I'm on vacation this week, so in I've asked a few friends to pinch-hit while I'm away. This first installment comes from Jim Fisher, the first section leader for the Arkansas chapter of the International Dark Sky Association. Jim and I met while working on a cover story that appeared in the Times a few months back. I looked at the growing problem of light pollution and what Arkansas officials and utilities were doing about it. The answer is not much, but a number of concerned citizens are trying to change the way people think about this looming issue.
While doing research for the story, I visited the observatory near Wye Mountain and was completely amazed by these star-gazers, what they're able to find through their telescope lenses. The Central Arkanasas Astronomical Society will host a star-party on July 25 at Pinnacle Mountain. All are welcome to come.
Light pollution – it’s not just about astronomy.
By Jim Fisher
The alarm about light pollution and the damage it causes to the environment was first sounded by astronomers – a seemingly unlikely source of environmental activism. As development has spread further from the urban centers, unshielded and ever brighter security lighting has all but obliterated the beauty of the night sky in all urban areas. Light pollution has also rendered many multi-million dollar scientific instruments in the western U.S. virtually useless. Likewise, amateur astronomers – a small passionate group who regularly share their love of science with schools, scouts, and families - are forced to retreat with their telescopes to rural fields to escape the ever growing sky glow above every city and the even the smallest towns in Arkansas. To halt the loss of our view of the sky overhead – and in turn safeguard the breathtaking starscape that has inspired generations - in 1988 the International Dark-Sky Association (IDA) was founded with the mission to “preserve and protect the nighttime environment and heritage of dark skies.”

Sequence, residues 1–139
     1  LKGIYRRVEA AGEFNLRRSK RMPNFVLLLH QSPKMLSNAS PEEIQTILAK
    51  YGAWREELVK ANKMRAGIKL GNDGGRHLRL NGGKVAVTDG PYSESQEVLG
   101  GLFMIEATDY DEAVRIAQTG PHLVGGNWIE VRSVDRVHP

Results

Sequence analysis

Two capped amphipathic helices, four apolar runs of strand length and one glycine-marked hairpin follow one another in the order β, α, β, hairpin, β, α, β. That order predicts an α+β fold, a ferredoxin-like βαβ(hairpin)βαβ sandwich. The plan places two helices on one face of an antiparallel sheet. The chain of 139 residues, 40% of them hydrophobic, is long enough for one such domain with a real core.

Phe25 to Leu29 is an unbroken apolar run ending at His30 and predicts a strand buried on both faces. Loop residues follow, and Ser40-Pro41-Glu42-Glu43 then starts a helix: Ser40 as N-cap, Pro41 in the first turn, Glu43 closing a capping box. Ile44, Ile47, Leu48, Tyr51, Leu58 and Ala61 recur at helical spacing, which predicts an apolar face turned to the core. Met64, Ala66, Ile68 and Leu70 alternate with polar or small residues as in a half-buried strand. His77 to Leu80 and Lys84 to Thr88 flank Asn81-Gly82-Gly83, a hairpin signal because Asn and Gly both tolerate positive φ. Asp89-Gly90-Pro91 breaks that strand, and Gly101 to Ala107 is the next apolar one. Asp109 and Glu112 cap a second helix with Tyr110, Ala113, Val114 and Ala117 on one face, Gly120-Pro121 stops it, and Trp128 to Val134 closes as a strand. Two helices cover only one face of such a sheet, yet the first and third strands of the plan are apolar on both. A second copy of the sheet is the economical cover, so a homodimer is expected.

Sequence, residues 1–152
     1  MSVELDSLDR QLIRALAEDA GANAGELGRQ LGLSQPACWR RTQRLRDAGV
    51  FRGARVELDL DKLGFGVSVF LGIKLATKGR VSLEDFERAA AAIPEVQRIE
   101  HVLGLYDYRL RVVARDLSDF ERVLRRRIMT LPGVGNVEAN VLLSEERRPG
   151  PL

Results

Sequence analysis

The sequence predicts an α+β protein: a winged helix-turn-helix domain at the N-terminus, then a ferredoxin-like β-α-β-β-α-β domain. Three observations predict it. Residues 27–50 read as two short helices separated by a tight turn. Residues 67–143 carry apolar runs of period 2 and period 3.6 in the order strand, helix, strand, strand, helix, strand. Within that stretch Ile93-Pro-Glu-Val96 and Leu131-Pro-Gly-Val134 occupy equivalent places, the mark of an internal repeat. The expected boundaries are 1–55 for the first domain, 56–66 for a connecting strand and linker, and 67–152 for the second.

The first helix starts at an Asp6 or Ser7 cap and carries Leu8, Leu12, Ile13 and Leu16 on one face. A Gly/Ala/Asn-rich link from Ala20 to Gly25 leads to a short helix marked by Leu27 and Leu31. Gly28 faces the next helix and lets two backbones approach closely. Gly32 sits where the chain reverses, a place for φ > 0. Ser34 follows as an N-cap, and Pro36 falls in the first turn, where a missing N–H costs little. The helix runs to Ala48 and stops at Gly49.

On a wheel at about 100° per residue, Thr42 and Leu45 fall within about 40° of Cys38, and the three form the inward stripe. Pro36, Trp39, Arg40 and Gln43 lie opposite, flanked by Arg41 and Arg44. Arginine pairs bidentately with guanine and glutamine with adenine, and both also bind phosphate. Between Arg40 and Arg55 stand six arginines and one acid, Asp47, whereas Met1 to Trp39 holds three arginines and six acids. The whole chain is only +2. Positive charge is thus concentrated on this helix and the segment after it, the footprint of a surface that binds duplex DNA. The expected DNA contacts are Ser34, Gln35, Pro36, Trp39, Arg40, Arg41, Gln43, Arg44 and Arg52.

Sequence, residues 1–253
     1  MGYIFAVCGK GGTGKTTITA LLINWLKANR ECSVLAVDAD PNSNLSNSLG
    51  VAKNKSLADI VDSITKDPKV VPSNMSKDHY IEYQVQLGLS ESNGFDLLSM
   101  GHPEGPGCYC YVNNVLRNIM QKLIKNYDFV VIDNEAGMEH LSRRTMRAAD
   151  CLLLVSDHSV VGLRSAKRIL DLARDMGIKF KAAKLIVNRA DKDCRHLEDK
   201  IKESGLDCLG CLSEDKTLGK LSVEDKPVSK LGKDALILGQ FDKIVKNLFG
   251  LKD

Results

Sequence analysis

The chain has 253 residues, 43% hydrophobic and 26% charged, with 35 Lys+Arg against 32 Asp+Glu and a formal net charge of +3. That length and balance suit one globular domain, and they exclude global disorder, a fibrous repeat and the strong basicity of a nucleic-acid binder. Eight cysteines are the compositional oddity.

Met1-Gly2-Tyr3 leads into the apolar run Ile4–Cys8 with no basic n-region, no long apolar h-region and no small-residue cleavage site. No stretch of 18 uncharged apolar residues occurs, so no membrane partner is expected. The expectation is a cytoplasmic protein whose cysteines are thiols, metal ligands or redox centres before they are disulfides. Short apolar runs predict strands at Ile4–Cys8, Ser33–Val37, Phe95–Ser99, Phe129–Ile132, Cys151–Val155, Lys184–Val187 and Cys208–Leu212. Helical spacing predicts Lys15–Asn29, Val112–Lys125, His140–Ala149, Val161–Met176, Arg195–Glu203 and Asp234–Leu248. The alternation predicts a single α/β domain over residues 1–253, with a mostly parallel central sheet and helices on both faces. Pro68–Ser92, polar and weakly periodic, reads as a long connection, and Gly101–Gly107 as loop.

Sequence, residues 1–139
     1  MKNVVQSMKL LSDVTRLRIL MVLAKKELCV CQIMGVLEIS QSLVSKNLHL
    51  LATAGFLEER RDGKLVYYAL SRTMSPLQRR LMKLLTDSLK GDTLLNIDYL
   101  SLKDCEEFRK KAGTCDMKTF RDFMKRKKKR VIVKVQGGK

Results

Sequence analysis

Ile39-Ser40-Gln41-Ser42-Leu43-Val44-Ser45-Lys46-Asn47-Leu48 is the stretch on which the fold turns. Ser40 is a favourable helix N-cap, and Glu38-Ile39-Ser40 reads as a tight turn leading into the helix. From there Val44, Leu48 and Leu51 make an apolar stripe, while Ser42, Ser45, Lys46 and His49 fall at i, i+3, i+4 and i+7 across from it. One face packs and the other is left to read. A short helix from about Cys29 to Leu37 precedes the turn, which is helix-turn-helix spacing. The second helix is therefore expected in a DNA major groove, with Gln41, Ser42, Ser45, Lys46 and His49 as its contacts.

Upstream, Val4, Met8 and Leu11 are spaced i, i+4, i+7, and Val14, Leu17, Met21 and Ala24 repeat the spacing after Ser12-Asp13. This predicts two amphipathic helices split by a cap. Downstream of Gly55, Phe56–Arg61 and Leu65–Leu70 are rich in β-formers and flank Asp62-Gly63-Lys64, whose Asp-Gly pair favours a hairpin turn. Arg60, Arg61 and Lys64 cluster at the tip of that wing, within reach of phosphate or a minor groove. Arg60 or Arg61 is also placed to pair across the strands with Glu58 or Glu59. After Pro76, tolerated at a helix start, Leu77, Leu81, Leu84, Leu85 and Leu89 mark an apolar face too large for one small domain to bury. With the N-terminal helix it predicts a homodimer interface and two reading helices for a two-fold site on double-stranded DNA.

Saving both the beauty and the science of the night sky should be reason enough to make a stand against light pollution. But recent studies strongly indicate that the damage to our environment by light pollution runs deeper than just disrupting recreational stargazers and astronomical research. The damage from light pollution appears to be very real. It has resulted in a huge waste of energy (and needless increase in carbon emissions), has been implicated in causing insomnia and disease in humans by interfering with circadian cycles, and has disrupted the migration of birds and loss of nocturnal wildlife habitat.
The carbon footprint from the wasted electricity that results in light pollution is massive. Wasted outdoor lighting, lighting which shines upward and does not reach its intended target, is estimated by the IDA to amount to 22,000 gigawatt-hours per year. At an average of 10 cents per kilo-watt hours this equals $2.2 billion and translates to 3.6 million tons of coal or 12.9 million barrels of oil per year. And of course, all of this translates directly into needless costs to electrical ratepayers.